A refreshing alternative to the Spanish theatrical filthfest XXX - currently corrupting the minds of London theatregoers who have been dragged kicking and screaming into the auditorium to witness an orgy of Iberian depravity - comes in the form of Texterritory v.2.3.
According to the press release, Texterritory is a landmark dance theatre piece created by Sheron Wray, dancer and artistic director of JazzXchange Music & Dance Co. By using text messaging, the audience will become intimately involved in shaping the development of the action on stage, both as a collective voice and as individuals. It is the first manifestation of AIM (Audience Interactive Media).
What that seems to mean is that the work marks a new phase of interactive performance, with artist and audience linked together through the medium of text messaging, to create a unique artistic experience. Texterritory is a unique world-first event pushing back the boundaries of the familiar to promote a new cultural experience enhanced by technology. Dance meets the mobile phone!!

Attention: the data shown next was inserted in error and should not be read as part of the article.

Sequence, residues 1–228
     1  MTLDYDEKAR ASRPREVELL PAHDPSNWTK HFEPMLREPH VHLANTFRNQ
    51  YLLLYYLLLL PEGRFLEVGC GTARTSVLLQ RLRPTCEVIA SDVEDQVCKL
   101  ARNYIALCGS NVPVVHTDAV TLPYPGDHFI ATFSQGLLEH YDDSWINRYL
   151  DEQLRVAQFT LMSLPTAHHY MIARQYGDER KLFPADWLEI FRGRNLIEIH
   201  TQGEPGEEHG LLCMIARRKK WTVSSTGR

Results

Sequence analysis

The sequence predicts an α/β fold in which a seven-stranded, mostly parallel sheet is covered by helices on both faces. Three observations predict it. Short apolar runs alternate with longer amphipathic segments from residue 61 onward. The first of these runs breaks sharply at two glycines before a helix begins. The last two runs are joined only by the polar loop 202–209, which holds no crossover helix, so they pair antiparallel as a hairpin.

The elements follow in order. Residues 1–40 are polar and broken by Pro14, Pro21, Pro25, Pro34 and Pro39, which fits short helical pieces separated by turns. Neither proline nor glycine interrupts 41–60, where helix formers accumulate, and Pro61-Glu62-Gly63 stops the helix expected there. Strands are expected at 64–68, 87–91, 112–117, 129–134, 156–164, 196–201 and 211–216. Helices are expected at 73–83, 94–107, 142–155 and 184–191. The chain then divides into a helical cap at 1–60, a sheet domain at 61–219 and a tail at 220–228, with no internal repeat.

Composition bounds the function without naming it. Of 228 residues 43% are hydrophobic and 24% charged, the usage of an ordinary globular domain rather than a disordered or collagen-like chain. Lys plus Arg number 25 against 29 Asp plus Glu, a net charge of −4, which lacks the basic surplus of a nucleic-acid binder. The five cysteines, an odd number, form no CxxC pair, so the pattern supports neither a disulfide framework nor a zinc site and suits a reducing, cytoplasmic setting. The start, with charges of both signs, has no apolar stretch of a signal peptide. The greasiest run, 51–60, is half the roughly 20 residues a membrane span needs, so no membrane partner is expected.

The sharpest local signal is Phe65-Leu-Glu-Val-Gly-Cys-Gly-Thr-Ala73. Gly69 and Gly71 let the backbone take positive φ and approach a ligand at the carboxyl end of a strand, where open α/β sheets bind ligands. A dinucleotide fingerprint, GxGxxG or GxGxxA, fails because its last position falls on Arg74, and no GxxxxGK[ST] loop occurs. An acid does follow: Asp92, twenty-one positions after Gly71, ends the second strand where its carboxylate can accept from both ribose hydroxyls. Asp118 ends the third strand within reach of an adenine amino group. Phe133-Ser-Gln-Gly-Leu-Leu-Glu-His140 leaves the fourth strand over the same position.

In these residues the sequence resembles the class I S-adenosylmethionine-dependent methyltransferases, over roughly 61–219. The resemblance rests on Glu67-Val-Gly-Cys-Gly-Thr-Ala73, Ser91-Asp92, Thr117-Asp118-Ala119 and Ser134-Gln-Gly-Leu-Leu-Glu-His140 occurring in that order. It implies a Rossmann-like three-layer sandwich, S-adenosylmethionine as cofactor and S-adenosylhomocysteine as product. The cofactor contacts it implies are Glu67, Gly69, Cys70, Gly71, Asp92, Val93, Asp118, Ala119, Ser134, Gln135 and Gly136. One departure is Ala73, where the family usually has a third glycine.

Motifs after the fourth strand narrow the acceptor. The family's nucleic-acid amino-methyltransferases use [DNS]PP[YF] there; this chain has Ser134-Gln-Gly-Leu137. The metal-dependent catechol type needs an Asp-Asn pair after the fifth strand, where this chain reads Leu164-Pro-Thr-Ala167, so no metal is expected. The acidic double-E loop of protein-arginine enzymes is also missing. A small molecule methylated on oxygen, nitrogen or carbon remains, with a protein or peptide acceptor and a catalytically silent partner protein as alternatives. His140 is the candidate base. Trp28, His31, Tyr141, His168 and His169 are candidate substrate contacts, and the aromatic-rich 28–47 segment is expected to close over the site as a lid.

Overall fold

Oh yes, is that the rustling of artistic envelopes being pushed back we can hear? Marvellous. And this is where you enter stage right into this txtastic terpsichorean extravaganza: As the story of Grace evolves, and she agonises about where her relationship with the elusive J might be headed, she seeks help and advice from the audience. The "smart" audience are invited to respond to Grace's cries for help, first with practical advice about how to prepare for her date, then in more subtle ways as she seeks to work through her emotional turmoil. The audience find themselves drawn into the performance in surprising ways, breaking down the conventional divide between audience and performance thus challenging the precepts of the custodians of the theatre.
Spot on. We can feel our precepts being challenged already. Still, it could make for an interesting - if noisy - evening. If you fancy pushing back the boundaries of the familiar, Texterritory v.2.3 is on 6 May 2003 at 8pm, The Robin Howard Dance Theatre, 17 Dukes Rd, Euston, London. Details are available on www.Textploitation.com.